For a research I want to do a t-test between two populations. Since I have a fairly small sample size I want to calculate the necessary sample-size for getting a good power (0.8 is supposed to be very good).

I did calculation as below in R using the pwr.t.test() form the package "pwr". It uses Cohen's d, sample size, significance level and power, i.e. three of these to determine the fourth.

I chose a significance level of 0.05, a random power of 0.5 and then calculated Cohen's d which had me a value -0.01183773. I'm not even sure, how to handle a negative Cohen's d. I've read can be negative.

m1<- 0.3133333  ## population 1
m2<- 0.6766667   
m3<-  -0.4866667
m4<- 0.6566667
m5<- -0.04666667  ## population 2
m6<- 0.8066667
m7<- 0.54
m8<- -0.1066667


In the end-effect I obtained a sample size of 54821.11 using the function an the Cohen's d obtained.

pwr.t.test(d=C, sig.level = 0.05, power = 0.5, 
           type = "two.sample",
           alternative = "two.sided")

Typing into sample size n = 4, leaving out power, gives me a power of 0.05

pwr.t.test(n=4, sig.level = 0.05, d = C, 
           type = "two.sample",
           alternative = "two.sided")

I have four samples in a bad scenario.

Question 1: Did I calculate Cohen's d correctly? Question 2: Does power of 0.05 using this function mean that power is non-existent?


  • $\begingroup$ For a start, double check your formula for pooledSD. $\endgroup$
    – EdM
    Commented Apr 11, 2019 at 13:55

1 Answer 1


Let's plot the data points you use.



The horizontal lines give the group means.

  1. Your calculation is almost correct.

    Your calculation of the pooled standard deviation is slightly wrong. You need to square the groupwise SDs to get groupwise variances, then take the average of those and finally take the square root. You forgot to take the square. Here is how it should look like:

    pooledSD <- sqrt((sd(c(m1,m2,m3,m4))^2+sd(c(m5,m6,m7,m8))^2)/2)

    However, that doesn't make all that much of a difference. The correct calculation yields a Cohen's $d$ of $d=-0.01673617$.

    Recall what Cohen's $d$ is: it is the difference between the group means, standardized by the pooled standard deviation. In your case, this means that the group means differ by only 0.01673617 pooled standard deviations. So, essentially not at all. See the picture above, especially the horizontal lines (the group means).

    A negative value for Cohen's $d$ is fine. It just depends on how you take the difference in group means. Unless you have a one-sided hypothesis, this doesn't make a difference.

  2. A large sample size in your original calculation, or a tiny power using your sample size of $n=4$ per group, are two aspects of the same problem: you are trying to detect an infinitesimally small effect, namely a difference in group means that is no more than 0.01673617 pooled standard deviations. To detect such a small effect with power 0.5, you need a huge sample size. Or conversely, if you have a small sample size, you have essentially no chance of detecting it. (Note that the power will not drop below your alpha level. Which just means that if you do get a significant result, it's more likely to be a false positive.)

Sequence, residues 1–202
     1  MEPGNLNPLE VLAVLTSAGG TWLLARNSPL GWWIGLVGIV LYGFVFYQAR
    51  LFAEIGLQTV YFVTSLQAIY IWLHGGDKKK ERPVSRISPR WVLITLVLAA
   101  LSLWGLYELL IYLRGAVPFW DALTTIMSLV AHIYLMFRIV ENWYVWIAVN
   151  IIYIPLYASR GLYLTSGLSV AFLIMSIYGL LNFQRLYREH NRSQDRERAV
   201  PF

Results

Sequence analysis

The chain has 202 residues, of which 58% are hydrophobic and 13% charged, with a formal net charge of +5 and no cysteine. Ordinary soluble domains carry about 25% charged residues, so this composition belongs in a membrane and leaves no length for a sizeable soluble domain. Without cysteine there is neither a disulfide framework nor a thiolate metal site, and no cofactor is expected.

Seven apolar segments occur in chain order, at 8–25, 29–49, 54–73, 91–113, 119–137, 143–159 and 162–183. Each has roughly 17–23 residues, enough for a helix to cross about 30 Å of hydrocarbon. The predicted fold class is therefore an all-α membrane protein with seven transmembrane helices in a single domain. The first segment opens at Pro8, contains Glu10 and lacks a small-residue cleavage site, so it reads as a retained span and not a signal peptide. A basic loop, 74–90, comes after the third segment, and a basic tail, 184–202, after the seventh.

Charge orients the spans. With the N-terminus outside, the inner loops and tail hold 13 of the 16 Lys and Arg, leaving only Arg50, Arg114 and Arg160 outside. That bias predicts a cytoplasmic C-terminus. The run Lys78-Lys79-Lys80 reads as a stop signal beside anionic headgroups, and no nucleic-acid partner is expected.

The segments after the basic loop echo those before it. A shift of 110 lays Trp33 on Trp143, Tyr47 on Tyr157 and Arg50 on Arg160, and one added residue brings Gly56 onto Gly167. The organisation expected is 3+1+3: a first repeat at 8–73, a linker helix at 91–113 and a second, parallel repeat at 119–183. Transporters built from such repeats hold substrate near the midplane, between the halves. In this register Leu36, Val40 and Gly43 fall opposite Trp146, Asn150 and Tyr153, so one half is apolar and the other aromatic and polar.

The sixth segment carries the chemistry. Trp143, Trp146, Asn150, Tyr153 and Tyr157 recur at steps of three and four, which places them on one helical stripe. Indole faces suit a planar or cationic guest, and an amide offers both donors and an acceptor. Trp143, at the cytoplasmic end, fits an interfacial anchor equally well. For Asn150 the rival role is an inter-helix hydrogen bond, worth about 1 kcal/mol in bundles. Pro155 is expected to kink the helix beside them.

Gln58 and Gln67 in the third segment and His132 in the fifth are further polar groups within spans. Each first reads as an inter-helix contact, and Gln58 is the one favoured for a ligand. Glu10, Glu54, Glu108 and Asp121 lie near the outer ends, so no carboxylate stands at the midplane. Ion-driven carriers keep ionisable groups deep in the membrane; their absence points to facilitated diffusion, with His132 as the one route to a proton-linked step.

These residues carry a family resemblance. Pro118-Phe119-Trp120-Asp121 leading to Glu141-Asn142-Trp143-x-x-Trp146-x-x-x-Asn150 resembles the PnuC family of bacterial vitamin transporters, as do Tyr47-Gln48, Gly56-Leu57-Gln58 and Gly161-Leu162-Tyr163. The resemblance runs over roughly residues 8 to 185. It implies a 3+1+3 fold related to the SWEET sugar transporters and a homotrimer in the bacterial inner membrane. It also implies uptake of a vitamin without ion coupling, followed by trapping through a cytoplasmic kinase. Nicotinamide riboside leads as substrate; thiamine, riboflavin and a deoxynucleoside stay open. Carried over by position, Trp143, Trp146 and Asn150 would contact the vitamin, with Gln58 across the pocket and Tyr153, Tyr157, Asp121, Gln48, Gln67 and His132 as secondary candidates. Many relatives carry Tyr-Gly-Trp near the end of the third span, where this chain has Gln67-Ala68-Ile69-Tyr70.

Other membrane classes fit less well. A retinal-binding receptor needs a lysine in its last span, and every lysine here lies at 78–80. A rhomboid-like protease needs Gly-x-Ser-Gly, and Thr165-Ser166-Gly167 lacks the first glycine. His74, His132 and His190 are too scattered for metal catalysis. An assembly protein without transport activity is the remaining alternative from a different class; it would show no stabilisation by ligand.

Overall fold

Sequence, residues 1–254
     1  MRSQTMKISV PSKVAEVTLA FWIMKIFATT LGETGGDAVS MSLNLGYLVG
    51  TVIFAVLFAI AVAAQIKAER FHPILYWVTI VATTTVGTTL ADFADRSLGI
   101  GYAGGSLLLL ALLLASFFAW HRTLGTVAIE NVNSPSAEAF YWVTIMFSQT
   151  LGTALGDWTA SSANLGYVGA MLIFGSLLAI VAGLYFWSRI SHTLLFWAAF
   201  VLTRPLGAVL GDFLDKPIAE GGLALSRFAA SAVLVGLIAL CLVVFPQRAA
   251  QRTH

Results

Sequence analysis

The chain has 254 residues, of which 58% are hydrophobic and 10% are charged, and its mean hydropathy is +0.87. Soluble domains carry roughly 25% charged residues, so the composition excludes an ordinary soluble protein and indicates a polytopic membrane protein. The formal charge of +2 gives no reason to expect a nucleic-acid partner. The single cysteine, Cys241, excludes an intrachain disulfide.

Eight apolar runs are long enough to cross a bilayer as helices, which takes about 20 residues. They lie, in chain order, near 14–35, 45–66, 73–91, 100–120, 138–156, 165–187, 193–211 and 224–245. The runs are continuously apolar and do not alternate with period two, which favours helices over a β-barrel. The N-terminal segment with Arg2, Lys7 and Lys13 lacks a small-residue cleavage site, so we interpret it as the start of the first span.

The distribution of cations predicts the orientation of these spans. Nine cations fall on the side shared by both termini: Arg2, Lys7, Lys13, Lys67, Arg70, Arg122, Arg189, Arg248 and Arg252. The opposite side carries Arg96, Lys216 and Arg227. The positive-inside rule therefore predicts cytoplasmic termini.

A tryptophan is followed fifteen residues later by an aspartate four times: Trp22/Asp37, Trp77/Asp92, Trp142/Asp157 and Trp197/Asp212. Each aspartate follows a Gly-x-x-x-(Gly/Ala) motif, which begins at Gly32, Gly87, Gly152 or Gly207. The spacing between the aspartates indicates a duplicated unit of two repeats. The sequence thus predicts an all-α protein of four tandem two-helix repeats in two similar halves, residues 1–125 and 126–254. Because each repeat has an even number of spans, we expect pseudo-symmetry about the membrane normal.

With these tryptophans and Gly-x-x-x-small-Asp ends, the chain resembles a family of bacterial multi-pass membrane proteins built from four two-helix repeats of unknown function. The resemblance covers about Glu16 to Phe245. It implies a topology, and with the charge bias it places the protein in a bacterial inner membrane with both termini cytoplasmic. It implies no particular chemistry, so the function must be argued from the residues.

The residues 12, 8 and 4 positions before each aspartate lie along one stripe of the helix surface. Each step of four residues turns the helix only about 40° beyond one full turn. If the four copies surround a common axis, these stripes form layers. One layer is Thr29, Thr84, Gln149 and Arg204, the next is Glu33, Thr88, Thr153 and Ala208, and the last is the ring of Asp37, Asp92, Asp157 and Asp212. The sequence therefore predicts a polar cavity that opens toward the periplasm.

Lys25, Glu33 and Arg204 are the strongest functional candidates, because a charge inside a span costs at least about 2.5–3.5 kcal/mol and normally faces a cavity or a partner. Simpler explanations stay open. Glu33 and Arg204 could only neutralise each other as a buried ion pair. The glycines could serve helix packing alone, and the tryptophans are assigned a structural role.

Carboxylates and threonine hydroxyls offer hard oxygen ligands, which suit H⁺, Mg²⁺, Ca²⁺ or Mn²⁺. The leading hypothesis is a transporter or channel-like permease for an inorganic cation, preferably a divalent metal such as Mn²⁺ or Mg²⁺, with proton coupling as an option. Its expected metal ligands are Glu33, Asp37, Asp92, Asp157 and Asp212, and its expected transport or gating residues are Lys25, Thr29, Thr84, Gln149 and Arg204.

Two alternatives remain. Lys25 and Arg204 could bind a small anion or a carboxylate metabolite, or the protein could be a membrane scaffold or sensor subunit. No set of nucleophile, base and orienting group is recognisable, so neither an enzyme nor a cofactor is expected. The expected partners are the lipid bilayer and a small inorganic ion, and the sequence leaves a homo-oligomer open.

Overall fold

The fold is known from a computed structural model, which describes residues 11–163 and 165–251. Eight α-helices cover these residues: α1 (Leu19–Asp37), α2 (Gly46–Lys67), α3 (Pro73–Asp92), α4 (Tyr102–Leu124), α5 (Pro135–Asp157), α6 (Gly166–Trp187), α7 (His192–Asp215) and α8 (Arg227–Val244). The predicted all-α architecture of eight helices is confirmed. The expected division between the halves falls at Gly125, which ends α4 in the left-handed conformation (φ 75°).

Bottom line: it's good that you are thinking about your power before starting your study. Unfortunately, if your effects are truly this minuscule, you will not be able to detect them with a small sample.

  • $\begingroup$ Thank you! I do understand. The thing that I don't understand is that once you'd have means that are far apart and that gap is similar to the SD's you get high statistical power. Nevertheless, you still have the same sample size. Is there lterature regarding this problem? I see this in regard to the problem that in case means are in reality very similar (e.g. because of a ecological reason) then what is it with the statistical power, I mean would you need a humongous sample size to conclude that teh means are indeed similar due to a similar population? Thank you! $\endgroup$
    – Vera Marya
    Commented Apr 18, 2019 at 12:29
  • $\begingroup$ Note that we always assume a certain effect size against which we calculate power. If we knew the effect size, we would not need to do the actual data collection and analysis, because we would already know that the null hypothesis is false! And note that in a NHST, we cannot conclude that means are similar - we can only reject the null hypothesis or fail to reject it. $\endgroup$ Commented Apr 18, 2019 at 14:03

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